Very healthy, incredibly comfortable The Saddle seat, part of Humanscale's award-winning Freedom seating line, is the most comfortable and versatile stool ever made. Its unique triangular cushion encourages users to sit in a "saddle"; posture, which lowers the thighs, opens up the hips and puts the spine into a healthy lordotic curve. The "saddle" posture also reduces pressure points for long-term comfort and allows users to get closer to their work. It's simply one of the most comfortable and healthy ways to sit! The textiles on all Freedom chairs utilize advanced technology developed primarily for the sportswear and sporting goods industries. In a single step, a high-tech molding process combines the textile, Technogel® (standard on armrests, optional on seat cushions), foam and plastic support shell into a single, modular cushion, which can be attached to Freedom with four screws. Because of this advanced process, the textiles used on Freedom's cushions are as unique as the rest of the chair, and satisfy requirements more demanding than typical upholstery textiles.
- Seat width (saddle): 56 cm / 22 inch
- Seat width (pony): 41 cm / 16 inch
- Base diameter (standard saddle / pony seat): 56 cm / 22 inch
- Base diameter (high or extra high saddle / pony seat): 63.5 cm / 25 inch
- Standard Cylinder Seat height: 44 - 56 cm / 17.3 - 22.1 inch
- Low Cylinder Seat height:42.5 - 51.5cm / 16.7 - 20.2 inch
- High Cylinder Seat height: 50.5 - 70 cm / 19.9 - 27.5 inch
- Extra High Cylinder Seat height: 57 - 82.5 cm / 22.4 - 32.5 inch
- Seat height range to accommodate over 95% of the population
- The Extra High 10 inch cylinder with foot ring is only available with glides or locking casters.
The best designs in the world are based on purpose and function. When a design solves a functional problem, as simply and elegantly as possible, the resulting form will be honest and timeless. Uncompromising performance-centric design in its purest form is at the heart of every Humanscale solution. Each of our ergonomic products is designed for uncomplicated use, maximum comfort, a long serviceable life, and a minimal environmental footprint. And that’s why they look good, too.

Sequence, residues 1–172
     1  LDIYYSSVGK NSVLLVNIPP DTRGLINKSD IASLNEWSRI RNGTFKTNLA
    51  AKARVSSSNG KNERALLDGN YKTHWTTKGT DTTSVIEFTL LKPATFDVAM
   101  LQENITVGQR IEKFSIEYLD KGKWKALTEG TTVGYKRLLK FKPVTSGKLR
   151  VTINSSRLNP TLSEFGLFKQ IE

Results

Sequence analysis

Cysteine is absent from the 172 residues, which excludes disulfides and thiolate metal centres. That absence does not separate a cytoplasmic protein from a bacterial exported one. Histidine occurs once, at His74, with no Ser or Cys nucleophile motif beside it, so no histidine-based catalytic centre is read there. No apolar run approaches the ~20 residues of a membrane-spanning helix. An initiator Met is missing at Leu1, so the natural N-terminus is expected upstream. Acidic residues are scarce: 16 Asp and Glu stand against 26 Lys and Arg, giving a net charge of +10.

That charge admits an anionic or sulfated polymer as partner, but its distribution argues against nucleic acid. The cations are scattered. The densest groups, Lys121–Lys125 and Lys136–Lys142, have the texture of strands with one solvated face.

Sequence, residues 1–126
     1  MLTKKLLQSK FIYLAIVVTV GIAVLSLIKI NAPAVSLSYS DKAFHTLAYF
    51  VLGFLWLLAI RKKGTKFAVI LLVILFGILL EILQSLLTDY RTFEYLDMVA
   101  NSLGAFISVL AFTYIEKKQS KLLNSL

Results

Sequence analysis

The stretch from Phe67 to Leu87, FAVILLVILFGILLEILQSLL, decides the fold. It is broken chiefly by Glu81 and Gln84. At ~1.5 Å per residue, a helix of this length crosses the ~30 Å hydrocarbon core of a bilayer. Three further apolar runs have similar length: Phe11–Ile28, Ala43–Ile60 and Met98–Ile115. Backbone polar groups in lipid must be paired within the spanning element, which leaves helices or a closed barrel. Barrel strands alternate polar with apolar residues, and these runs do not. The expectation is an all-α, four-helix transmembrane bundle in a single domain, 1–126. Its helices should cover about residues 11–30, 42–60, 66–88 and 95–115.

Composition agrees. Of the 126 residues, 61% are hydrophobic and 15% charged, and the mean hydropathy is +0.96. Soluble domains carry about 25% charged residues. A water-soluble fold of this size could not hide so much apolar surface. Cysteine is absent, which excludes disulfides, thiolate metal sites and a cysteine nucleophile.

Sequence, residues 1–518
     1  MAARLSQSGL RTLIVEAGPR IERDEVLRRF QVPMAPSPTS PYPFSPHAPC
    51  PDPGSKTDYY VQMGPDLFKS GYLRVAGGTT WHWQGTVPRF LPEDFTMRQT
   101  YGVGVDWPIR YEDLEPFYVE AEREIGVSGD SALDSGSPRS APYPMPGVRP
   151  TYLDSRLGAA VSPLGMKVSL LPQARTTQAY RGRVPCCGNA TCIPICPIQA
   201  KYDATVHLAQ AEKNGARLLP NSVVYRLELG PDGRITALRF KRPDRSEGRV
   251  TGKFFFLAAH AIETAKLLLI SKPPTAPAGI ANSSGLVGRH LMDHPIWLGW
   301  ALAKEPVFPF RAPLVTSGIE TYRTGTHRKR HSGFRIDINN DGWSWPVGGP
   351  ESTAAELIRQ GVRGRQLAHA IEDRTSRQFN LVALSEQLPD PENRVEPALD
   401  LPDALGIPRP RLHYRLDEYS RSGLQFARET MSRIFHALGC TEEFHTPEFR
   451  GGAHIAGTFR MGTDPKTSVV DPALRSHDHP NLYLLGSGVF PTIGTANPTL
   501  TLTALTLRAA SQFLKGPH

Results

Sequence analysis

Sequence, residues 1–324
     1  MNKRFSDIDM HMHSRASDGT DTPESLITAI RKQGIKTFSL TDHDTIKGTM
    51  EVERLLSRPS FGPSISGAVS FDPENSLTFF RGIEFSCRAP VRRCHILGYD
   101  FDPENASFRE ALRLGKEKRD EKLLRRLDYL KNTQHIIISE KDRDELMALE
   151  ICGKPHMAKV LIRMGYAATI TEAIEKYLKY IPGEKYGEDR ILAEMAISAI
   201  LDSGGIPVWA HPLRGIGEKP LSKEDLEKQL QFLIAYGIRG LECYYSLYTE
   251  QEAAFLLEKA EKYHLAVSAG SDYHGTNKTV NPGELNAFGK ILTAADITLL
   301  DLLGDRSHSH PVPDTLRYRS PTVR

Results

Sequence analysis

Humanscale Freedom Saddle/Pony Chair Designed by:
- Niels Diffrient
6 September 1928 – 8 June 2013
Throughout his life, Diffrient was instrumental in the mid-century modern design movement, working with revered designers whom he considered colleagues and friends including Eero Saarinen, Ettore Sottsass, Charles Eames, Marco Zanuso and Henry Dreyfuss. Diffrient had more than 50 patents and 75 awards, including the 2002 National Design Award from the Smithsonian Cooper-Hewitt, National Design Museum and the 1996 Chrysler Design Award. Diffrient was also recognized as a Royal Designer for Industry (Hon RDI) by the British Royal Society of Arts in 1987. His vast industrial design portfolio included work with AT & T, Honeywell, John Deere, Knoll and American Airlines.
His partnership with Humanscale began in 1998, with the development of the Freedom chair. Setting a new standard for ergonomic task chairs, Freedom changed the way people sit. Always true to his core values on design, Diffrient said in a New York Times article, “Why would you design something if it didn't improve the human condition?” Diffrient believed that chairs should adjust to the user, not the other way around—and this was evident in all of his designs including the Liberty, Diffrient World and his latest chair, Diffrient Smart. Founder and CEO of Humanscale Robert King said, “Niels believed in the importance of function and knew that great design must be driven by it. This is why his products often transcend any specific time or place.” His industrial design career began with an early interest in architecture and design, which he studied at Cranbrook Academy of Art. He later earned a Fulbright to study design in Milan with Marco Zanusso, with whom he worked to design the award winning Borletti sewing machine. Following his return to the United States, Diffrient worked as an industrial designer with Henry Dreyfuss at his firm, which Diffrient later led until 1980.